North Korea wrapped up a rare eight-day party congress Tuesday, with its leader Kim Jong-un calling for stronger nuclear deterrence and maximum military power to round off one of the biggest political events in Pyongyang in the last five years.
With only a week until US President-elect Joe Biden is sworn into office, Kim’s outlining of ambitious military goals and a wish list of advanced weapons during the longer-than-usual congress is a message of defiance against Washington, experts say, with aims to pressure the new administration to accept Pyongyang as a nuclear state for future talks.
“During the party congress, Kim focused on talking about the nuclear issue -- not just nuclear capability, but a detailed portfolio of advanced nuclear weapons it plans to have,” said Park Won-gon, a professor of international relations at Handong Global University. “This is to declare the North a de facto nuclear state and demand the US recognize Pyongyang as a nuclear power. Pyongyang will only consider arms control talks with Washington in the future, but has no intention of denuclearizing.”
Shin Jong-woo, a senior analyst at the Korea Defense and Security Forum, echoed a similar stance that Pyongyang’s emphasis on nuclear armament is part of the regime’s quest for legitimacy of its nuclear weapons and to prepare for future negotiations with the US.
“Kim has set a guideline for (future) North Korea-US talks,” said Shin. “It’s a warning that the North will not give up nuclear weapons and is asking the US to lift sanctions. If the US does not ease the sanctions, Kim will likely continue to go with a ‘my way’ strategy, such as developing nuclear-powered submarine.”
On Tuesday, Kim told the congress in his closing remark that it will strengthen nuclear deterrence while doing everything it can to build the strongest military, according to the Korean Central News Agency.
Kim had called the US the “foremost principal enemy” of his country earlier during the week-long session, saying that the North’s policy toward Washington “will never change, whoever comes into power,” in an apparent message to the incoming Biden administration.
Kim, however, did not completely shut the door on diplomacy with the US, but put the ball in Washington’s court, demanding the US withdraw its “hostile policy” first in order for talks to proceed.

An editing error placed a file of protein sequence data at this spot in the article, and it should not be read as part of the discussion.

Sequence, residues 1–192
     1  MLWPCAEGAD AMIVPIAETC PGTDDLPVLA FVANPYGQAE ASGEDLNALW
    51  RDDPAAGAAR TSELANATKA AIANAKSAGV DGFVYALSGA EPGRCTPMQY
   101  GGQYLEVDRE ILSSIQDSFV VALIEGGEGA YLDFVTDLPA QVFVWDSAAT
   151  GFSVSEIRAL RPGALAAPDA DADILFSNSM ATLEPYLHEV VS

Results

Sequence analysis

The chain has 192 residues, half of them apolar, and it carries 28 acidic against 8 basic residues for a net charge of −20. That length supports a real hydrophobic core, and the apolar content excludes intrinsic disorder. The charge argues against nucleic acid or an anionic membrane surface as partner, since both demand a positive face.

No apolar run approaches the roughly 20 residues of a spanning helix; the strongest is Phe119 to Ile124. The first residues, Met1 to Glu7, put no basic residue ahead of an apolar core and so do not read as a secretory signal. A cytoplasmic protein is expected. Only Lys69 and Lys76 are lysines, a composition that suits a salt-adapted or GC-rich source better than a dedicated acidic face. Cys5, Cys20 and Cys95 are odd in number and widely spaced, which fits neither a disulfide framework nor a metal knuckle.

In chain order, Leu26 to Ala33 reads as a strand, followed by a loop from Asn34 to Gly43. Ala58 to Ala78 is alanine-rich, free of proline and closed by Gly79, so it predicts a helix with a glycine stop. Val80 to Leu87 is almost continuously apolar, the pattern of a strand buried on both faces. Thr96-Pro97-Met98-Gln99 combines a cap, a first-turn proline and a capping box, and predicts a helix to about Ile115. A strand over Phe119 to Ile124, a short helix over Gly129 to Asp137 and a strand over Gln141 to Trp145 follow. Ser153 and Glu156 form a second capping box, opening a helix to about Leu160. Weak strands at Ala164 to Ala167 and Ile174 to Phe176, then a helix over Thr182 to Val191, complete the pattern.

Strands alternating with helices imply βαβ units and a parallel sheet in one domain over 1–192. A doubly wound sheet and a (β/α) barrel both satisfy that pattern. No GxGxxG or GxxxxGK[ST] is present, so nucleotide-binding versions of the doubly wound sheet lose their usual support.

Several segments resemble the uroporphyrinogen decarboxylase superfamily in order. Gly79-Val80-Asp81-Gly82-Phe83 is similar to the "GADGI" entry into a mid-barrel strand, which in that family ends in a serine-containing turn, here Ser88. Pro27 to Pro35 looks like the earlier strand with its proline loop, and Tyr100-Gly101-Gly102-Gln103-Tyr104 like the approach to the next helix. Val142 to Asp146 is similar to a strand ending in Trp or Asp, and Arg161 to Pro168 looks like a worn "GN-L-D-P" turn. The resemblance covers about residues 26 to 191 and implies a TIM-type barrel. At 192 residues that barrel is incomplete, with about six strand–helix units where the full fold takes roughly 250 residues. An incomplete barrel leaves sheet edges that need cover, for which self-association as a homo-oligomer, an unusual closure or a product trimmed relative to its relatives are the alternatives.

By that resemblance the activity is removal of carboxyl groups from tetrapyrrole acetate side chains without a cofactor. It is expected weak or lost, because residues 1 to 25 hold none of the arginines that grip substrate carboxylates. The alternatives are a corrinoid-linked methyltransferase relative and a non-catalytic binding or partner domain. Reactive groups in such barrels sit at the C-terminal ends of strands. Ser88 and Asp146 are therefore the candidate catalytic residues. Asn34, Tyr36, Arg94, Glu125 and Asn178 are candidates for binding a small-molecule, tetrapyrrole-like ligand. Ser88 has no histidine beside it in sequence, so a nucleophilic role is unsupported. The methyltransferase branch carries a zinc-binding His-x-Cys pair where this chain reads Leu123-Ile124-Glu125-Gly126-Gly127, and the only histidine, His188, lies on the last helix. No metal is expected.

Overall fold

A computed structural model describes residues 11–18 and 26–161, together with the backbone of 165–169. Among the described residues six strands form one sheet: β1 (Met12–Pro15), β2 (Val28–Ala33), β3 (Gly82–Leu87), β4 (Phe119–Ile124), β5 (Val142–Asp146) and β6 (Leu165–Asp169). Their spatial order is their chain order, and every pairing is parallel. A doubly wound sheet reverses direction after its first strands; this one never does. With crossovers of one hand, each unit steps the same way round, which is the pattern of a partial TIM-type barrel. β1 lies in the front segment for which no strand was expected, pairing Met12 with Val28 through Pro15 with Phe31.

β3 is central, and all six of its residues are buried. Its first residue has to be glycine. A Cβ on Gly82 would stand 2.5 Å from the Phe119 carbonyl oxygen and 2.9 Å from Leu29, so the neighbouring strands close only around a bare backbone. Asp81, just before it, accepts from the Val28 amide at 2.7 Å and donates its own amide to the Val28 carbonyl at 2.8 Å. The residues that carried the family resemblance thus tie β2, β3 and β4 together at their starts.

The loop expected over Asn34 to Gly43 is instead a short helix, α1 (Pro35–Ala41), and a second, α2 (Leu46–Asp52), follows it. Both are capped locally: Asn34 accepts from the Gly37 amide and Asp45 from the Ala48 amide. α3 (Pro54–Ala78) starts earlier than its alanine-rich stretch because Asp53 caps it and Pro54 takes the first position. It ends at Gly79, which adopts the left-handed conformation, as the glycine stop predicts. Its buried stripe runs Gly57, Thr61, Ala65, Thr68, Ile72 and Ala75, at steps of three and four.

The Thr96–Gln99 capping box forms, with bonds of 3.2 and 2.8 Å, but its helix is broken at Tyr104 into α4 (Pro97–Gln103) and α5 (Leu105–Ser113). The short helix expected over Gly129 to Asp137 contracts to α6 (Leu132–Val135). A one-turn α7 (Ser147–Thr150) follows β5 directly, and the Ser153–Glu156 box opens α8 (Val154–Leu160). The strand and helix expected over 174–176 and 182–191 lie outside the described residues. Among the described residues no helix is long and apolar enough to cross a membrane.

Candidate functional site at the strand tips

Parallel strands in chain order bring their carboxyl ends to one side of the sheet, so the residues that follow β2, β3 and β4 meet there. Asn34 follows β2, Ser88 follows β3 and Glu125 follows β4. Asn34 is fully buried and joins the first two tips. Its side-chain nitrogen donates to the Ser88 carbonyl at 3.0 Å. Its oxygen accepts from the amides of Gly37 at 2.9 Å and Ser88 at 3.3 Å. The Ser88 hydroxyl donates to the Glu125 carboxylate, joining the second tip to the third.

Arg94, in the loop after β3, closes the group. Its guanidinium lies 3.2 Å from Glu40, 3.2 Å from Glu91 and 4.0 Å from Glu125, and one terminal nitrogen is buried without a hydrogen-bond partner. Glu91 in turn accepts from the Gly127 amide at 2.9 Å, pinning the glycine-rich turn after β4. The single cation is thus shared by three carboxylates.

Shin Beom-chul, director of the Center for Diplomacy and Security at the Korea Research Institute for National Strategy, believes that Pyongyang’s hardline message is geared both to Washington and North Korean citizens.
“With North’s unstable situation, Kim is underscoring military strength to tighten his grip of the country and cement internal solidarity,” he said. “With no distinguished achievement to show to his people, Kim is stressing nuclear power, and has solidified a one-man rule in his country.”
At the party congress, Kim was named the ruling party’s general secretary, the title formerly held by his late father and grandfather, in what appears as a symbolic move aimed at bolstering his authority amid the country’s hardship brought by international sanctions and deepened by natural disasters like COVID-19 pandemic and floods.
“Kim is also indicating that he will lead inter-Korean relations and unification, through strong nuclear power and ever more reinforced Kim’s ruling system,” said Cheong Seong-chang, a fellow at the Wilson Center’s Asia Program. “With North Korea having laid out specific policy stance to the South, Seoul has to come up with a diplomatic and security strategy in respond.”
Separately, Kim Yo-jong, the leader’s younger sister, on Wednesday slammed South Korean officials as “idiots” after the South’s military said it had detected signs of a possible military parade in Pyongyang over the weekend.
“We are only holding a military parade in the capital city, not military exercises targeting anybody, nor launching anything. Why do they take trouble craning their necks to follow what‘s happening in the North,” Kim said in a statement carried by the KCNA, adding it’s a clear expression of the South’s hostile approach toward “fellow countrymen in the North.”
Her statement arrived after Kim was seen removed from the party’s powerful Central Committee Politburo, where she had served as an alternate member since last year, raising speculation that she was demoted and no longer has the same level of status.
But the statement being released under her name shows she remains powerful, and that she is still serving as a mouthpiece of the regime for the US and South Korea, experts said.
“Through the statement, she is flaunting her authority, while showing her loyalty to her brother Kim Jong-un by playing a role of a villain,” said Yang Moo-jin, a professor at the University of North Korean Studies. “It also serves as a larger message to the South to stop any hostile activities against Pyongyang.”
“While Kim’s official ranking has dwindled, that doesn’t mean her political status has declined,” said Cheong, adding she is still in charge of South Korean affairs.
“With delivery of such a harsh criticism against South Korea, it will be difficult to restore inter-Korean relations in the near future.”
By Ahn Sung-mi and Choi Si-young (firstname.lastname@example.org